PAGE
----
If we want better government, we need to step up to the plate. We need to stop looking at our candidates as people worthy of our vote simply because they’re popular and good at sound bites. Ridiculing one’s opponent does make for great late night humor, but leading the country isn’t a job for a stand-up comic. A good punchline isn’t as important as a good idea. Getting me to snicker at the foibles of some doofus doesn’t make me feel safe or proud. When I can no longer see every candidate as a human being, I am diminished by the seduction of the campaign rhetoric. I am buying into the razzle dazzle of marketers, not the worthiness of the candidates they promote.
For most political campaigns, dirty tricks, ugly smears, and a sense of self-importance trump character and real decency. If we want to restore America as a country to be respected and admired, we have to cut loose the slackers and the stinkers. We have to do more than simply accept what’s offered — we have to start digging through the muck and the mud for what’s really there. We need leaders of substance, integrity, and honesty. That means we need voters of substance, integrity, and honesty.
Use your conscience when you vote. Don’t vote for the lesser of two evils — vote for the better candidate. The only way you can know that is to ignore the political rhetoric and focus on what is important. Which candidate has given you a truer picture of his or her agenda? Which candidate has tried to deceive you with spin and magic fairy dust? If your candidate has spent more time wooing and schmoozing with “the popular kids” instead of telling you what he or she really believes, you’ve gotten the circus treatment. “Pay no attention to that man behind the curtain!” Do you want to live in the real world or in the Land of Oz, Dorothy?
Ask yourself the tough questions. If you were going to buy a house, would you purchase it because it’s pretty or because it is well-built? If you were going to buy a car, would you purchase it because that’s a really keen color or because that car is a sensible choice that will work for you now and into the future? If you were going to pick a spouse, would you let looks decide your choice, even if you know the guy is a real rat or the gal is a complete disaster?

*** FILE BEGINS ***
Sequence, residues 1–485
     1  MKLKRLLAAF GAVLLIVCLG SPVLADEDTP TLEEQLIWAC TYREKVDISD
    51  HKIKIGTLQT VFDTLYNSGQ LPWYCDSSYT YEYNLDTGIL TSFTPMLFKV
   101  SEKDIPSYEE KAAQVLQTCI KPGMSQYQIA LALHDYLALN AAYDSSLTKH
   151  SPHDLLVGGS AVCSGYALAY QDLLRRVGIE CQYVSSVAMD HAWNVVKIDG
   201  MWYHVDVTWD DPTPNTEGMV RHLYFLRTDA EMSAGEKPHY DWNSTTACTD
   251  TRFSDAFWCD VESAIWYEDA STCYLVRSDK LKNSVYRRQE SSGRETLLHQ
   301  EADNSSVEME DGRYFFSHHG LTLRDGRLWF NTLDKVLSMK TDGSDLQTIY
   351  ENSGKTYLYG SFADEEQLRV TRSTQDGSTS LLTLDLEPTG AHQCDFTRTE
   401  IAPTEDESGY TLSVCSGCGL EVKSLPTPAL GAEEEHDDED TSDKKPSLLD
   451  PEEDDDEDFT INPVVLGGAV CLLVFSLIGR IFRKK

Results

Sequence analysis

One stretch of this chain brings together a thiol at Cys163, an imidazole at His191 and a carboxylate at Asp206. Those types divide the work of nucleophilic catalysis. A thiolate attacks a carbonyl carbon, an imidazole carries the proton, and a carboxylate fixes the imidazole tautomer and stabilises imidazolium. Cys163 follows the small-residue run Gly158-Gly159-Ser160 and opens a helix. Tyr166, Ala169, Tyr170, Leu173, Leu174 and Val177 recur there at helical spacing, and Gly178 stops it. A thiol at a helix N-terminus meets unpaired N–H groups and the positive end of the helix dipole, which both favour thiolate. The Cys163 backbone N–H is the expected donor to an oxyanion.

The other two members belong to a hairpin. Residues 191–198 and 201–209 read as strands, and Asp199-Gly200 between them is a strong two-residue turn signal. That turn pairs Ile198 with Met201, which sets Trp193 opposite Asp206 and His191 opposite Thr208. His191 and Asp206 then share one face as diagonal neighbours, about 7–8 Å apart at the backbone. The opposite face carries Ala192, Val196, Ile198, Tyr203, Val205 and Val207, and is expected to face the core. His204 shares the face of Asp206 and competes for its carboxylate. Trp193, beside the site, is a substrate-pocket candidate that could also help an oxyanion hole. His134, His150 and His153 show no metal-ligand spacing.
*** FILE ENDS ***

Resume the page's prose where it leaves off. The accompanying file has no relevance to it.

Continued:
Voting is all about picking your future course, even when you can’t see past today. What looks good at the moment has to also function down the road. When you take your hard-earned cash in hand, do you just want to splurge and have some fun or do you realize the need to put some aside, in that rainy day fund, to invest in a better tomorrow? Your political candidates are an investment in your future, in our future.
If you need any more convincing, consider this. Who you decide to vote for affects not only you, but also the rest of us. When you take the easy way out and go with the easy choice, when you don’t stop and question what the candidates really stand for, you are buying into the spin doctors and their happy horse manure. They want you to accept the fertilizer they are selling you, so they pretend this is all about growing bigger blossoms. But remember that as you step into any barn, in any horse race, you’re going to want to wear your boots and mind where you step.
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Let Slip the Dogs of War: A Bard’s Bed & Breakfast Mystery #1
On the tranquil shores of Lake Champlain sits the Bard’s Bed & Breakfast — not your typical vacation spot. Run by a retired spy and Shakespearean scholar, “Uncle Edward”, and a former bookstore owner, “Beatrice”, whose spy husband, “Benedick”, is forced out of the CIA, their guests are often unruly, secretive, and occasionally downright dangerous. When a Syrian rebel leader’s daughters are sent for safe-keeping, it’s a spy free-for-all Shakespeare would have envied, full of duplicitous deceivers, treacherous traitors, and star-crossed lovers. A dead young woman sporting tattoos is left naked in the Ephesus Suite, leaving Bea and Ben to smuggle the body out of the house without getting caught. A wily French spy, Philippe Grapon, may be working for the French DGSE, the Syrians, the Iranians, the Russians, or any and all of the above. All Bea knows for sure is that Philippe is bad news. Fed up with out-of-control spy operations, Bea has no patience with the calamity that rolls through the peaceful country side like an upside down maelstrom of catastrophic proportions. A long-hidden family secret turns out to be the key to a deadly mystery, but along the way to solving it, Bea finds herself chasing after a stolen corpse, pursued through the forest by a motley gang of spies, and even carjacked by a man who clearly should not be trusted. Even the Bard’s cats, Titania and Oberon, and dogs, Puck and Mr. Darcy, are troublemakers who insure there is never a dull moment in Arden Woods.